- 690 GMAT (Q 44, V 39)
- 2.97 GPA (on an upward slope)
- Undergraduate degree in marketing at a state university
- Work experience includes four years as a cryptologic linguist for the U.S. Air Force and NSA, with a six-month deployment in Afghanistan
- “I basically created intelligence products for the intelligence community in a process not all that different from business I would imagine”
- Extracurricular involvement as a top secret security clearance member of the American Marketing Association my senior year, volunteer at food shelters my freshman year, accountability monitor keeping track of over 100 airmen
- Proficient in Korean
- 27-year-old African American male
Odds of Success:
Northwestern: 30% to 40%
Chicago: 25% to 30%
Michigan: 40% to 50%
Texas: 40% to 50%
Indiana: 50% to 60%
Sandy’s Analysis: Phew, file this under Things Which Sound Interesting for 30 Minutes, which is actually a long time, but time enough to learn that cryptology is real technical and now being increasingly done by computers (I’m making this up, but my guess is, the truth is something similar to that) and that after the smoke clears, what we got here is an African-American Air Force vet with a combat zone deployment bonus, and a 690 GMAT and a 2.7 with some techy sounding crypto jobs which leads one to believe that not much you encounter in business school is going to stop you, despite the low GPA.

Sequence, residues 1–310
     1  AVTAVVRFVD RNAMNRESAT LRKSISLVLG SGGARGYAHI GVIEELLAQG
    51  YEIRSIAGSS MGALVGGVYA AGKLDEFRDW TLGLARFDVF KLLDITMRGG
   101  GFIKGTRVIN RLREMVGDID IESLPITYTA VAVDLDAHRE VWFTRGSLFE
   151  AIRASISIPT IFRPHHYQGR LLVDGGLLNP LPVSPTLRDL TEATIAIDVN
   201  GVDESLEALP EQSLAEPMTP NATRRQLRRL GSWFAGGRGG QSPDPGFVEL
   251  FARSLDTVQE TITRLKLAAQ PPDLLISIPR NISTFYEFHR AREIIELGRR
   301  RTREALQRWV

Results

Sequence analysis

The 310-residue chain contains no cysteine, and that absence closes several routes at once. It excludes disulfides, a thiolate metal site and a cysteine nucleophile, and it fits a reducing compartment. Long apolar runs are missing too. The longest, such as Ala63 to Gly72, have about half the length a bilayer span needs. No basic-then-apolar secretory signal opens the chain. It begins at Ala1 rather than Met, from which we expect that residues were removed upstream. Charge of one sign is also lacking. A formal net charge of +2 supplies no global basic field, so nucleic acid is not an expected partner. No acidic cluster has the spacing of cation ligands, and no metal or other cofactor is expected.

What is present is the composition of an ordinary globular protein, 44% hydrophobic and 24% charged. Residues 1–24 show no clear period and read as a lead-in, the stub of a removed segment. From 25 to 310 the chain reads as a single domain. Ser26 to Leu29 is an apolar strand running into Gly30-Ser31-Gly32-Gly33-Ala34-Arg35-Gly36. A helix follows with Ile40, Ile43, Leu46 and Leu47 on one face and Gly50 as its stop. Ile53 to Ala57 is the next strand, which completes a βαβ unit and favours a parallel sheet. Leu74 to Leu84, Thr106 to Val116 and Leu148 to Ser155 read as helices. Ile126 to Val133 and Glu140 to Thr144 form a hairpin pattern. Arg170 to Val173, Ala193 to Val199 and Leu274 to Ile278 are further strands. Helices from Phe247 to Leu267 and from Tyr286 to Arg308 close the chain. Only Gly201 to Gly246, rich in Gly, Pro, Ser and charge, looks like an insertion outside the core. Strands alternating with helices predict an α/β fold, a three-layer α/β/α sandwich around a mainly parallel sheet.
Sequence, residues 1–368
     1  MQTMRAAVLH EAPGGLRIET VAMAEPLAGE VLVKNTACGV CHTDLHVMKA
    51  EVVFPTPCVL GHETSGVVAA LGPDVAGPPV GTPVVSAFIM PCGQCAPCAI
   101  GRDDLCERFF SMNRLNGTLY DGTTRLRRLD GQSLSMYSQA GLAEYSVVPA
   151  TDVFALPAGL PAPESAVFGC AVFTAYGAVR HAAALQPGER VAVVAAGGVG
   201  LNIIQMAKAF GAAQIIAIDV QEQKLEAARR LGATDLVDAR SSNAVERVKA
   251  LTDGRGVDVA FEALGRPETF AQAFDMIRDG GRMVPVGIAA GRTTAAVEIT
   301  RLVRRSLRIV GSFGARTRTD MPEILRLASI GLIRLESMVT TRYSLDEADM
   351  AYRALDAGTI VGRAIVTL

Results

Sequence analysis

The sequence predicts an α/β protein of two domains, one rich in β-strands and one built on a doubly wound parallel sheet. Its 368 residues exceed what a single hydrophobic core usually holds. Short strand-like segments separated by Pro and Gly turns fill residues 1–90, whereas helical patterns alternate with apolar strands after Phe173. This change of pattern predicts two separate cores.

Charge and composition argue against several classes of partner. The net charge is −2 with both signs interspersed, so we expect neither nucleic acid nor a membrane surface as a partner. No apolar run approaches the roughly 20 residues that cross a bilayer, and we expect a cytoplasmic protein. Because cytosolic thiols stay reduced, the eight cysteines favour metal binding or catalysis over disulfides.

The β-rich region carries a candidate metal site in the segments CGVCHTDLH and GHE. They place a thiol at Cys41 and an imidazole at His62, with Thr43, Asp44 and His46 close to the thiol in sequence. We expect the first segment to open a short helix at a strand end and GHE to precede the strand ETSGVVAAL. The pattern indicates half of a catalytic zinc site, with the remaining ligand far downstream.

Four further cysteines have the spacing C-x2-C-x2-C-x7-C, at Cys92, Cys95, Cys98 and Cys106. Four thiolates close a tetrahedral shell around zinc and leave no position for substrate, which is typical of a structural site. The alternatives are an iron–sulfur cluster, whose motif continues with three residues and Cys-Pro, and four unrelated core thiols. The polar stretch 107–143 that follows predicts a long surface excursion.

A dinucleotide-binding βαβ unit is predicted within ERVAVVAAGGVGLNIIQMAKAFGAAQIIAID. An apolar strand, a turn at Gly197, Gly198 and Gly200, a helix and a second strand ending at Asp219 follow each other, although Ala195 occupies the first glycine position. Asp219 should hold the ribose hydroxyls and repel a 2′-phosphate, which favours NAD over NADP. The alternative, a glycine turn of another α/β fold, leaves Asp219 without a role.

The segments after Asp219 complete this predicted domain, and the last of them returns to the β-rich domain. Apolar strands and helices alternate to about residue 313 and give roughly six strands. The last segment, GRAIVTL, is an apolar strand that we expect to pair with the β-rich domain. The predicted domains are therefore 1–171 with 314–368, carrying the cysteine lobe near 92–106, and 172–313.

Chicago may not swallow that, although scores in quant courses in college will count a lot (you have not reported those). Kellogg will love everything about this except the GPA. Ross, UT-Austin and Indiana will be tilted in your favor because they are veteran friendly, you are interesting, and a 690 GMAT, especially for a male, African-American, is not chopped liver.
You note that grades got better, but were they in quant courses? Your story leans towards marketing interests and marketing today is often, fairly or not, where math-challenged types gravitate (I know, real marketing these days is becoming data crunching. But not everyone got that memo.)
One thing that could really help is putting this together in some way that inevitably leads to an MBA. You said, of your cryptologic experiences in the Air Force, “I basically created intelligence products for the intelligence community in a process not all that different from business I would imagine.” I have no idea what that means. You really need to make that more clear, to the degree you can while keeping your security clearances. Which strikes me as a lot.
You said one thing you did in the Air Force was act as an “accountability monitor, keeping track of over 100 Airmen.” That is a plus, for real. Get some plausible goals, gather up your solid leadership experiences, and explain in some simple way what you did for the Air Force. Shine the quant part of your story to the max, you got a lot to like.